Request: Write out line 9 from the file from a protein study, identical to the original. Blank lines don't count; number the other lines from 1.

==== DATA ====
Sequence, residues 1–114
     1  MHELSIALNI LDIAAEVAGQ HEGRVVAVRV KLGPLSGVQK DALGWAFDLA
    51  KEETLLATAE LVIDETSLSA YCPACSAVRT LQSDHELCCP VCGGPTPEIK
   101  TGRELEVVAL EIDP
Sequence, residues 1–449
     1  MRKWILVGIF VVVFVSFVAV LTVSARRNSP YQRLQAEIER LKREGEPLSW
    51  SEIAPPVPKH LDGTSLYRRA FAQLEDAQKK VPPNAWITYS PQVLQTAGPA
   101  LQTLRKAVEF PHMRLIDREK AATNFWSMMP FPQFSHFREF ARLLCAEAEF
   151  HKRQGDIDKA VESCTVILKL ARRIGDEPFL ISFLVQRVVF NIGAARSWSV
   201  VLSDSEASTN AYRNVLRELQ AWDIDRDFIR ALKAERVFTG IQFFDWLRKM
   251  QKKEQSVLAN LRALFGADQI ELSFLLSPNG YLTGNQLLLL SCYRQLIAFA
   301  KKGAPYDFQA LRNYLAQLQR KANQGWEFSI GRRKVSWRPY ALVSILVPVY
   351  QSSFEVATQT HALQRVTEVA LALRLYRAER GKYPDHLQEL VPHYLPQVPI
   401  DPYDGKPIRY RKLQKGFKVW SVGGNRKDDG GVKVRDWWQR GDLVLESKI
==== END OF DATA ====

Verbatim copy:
   151  HKRQGDIDKA VESCTVILKL ARRIGDEPFL ISFLVQRVVF NIGAARSWSV